Small pilots concerned about new FAA regulations

The Decatur Daily of Decatur, Alabama, reports on the controversy over the Next Generation Air Transportation System Financing Reform Act of 2007 and its impact on small-plane pilots.

The FAA says more revenue is required for new air-traffic control systems, needed to handle increased cargo and passenger aircraft in the skies.

Pilots of smaller aircraft fear that the new rules would push gas taxes to four times present rates. Some pilots grounding their aircraft.

Other pilots fear that there will be battle between small plane pilots and commercial airlines over who should pay higher taxes.

What do you think? How would you be affected by the new FAA rules? Leave a comment and tell us your story.
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Guide your aircraft using XM WX Satellite Weather

The XM WX Satellite Weather service provides crucial weather information for pilots, displaying radar data and other information on a dash-mounted or handheld device.

Flying Magazine's site features a profile devices used for XM WX Satellite Weather (or XM Weather for short) and the different versions and prices available to pilots.

While XM Weather devices offer information to small plane pilots that larger planes receive, pilots still have to interpret the data and respect the limitations of the technology.

XM Weather information works best when balanced with other weather prediction tools and sound judgment by experienced pilots.
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40 percent increase in helicopter sales expected

If engine-maker Honeywell is correct, you'll be hearing the sound of rotors more often as helicopter sales increase.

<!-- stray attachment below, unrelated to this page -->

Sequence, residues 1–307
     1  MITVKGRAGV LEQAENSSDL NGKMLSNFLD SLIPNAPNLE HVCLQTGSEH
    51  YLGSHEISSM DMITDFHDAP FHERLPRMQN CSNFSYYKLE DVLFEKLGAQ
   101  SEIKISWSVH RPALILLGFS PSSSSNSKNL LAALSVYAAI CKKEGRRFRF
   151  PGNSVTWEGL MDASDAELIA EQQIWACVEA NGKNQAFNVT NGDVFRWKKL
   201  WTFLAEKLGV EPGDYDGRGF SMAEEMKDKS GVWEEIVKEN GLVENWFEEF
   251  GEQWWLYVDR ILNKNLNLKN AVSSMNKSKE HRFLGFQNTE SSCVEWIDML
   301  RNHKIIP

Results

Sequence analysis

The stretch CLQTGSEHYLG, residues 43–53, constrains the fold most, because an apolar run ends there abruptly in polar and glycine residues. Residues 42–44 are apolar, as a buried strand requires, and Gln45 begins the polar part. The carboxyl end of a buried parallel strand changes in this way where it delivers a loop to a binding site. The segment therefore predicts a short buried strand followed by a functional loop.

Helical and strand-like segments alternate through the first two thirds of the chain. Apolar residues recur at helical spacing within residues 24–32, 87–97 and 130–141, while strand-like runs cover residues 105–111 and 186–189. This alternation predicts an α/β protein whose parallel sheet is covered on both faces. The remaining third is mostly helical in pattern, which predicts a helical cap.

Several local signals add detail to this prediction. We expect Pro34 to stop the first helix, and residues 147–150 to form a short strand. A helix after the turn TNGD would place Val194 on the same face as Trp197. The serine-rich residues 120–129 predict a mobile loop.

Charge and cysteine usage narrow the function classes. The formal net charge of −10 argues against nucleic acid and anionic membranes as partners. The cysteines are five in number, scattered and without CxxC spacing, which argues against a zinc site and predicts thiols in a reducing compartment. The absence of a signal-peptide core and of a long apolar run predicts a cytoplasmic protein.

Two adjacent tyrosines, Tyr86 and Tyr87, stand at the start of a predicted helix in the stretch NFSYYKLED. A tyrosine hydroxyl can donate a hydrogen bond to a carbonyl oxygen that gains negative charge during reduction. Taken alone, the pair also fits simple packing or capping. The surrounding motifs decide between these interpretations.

According to Aviation Week, Honeywell is forecasting a 40 percent increase in helicopter deliveries over the next five years. Honeywell predicts 6,000 new helicopters will be needed between now and 2016

There was jump in helicopter sales by 9 percent in 2006 alone.

The demand for new helicopters ranges from business travelers, medical services, and law enforcement, with customers ranging from the United States to Africa and Asia.
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Shared ownership of aircraft is growing

Flying magazine's website features a story on shared ownership of aircraft.

Businesses that want to own new plane, but are reluctant to shoulder the costs, can own a plane jointly with others in a timeshare arrangement.

While the cost of joint ownership is not cheap, the concept is growing and giving access to aircraft to businesses who might never have considered it before.
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Flying sand may have cracked aircraft windshields in Denver

The recent mystery over cracked windshields at Denver International Airport may have been solved, with wind-driven sand blamed as the culprit.

On February 16, fourteen planes at the Denver Airport developed cracks on their front and side windshields, which prompted an investigation.

According to the The Denver Post, it is now believed that sand put down on the runway may have been driven the 48 mph winds that day, causing pitting damage, then cracks, on the windshields.
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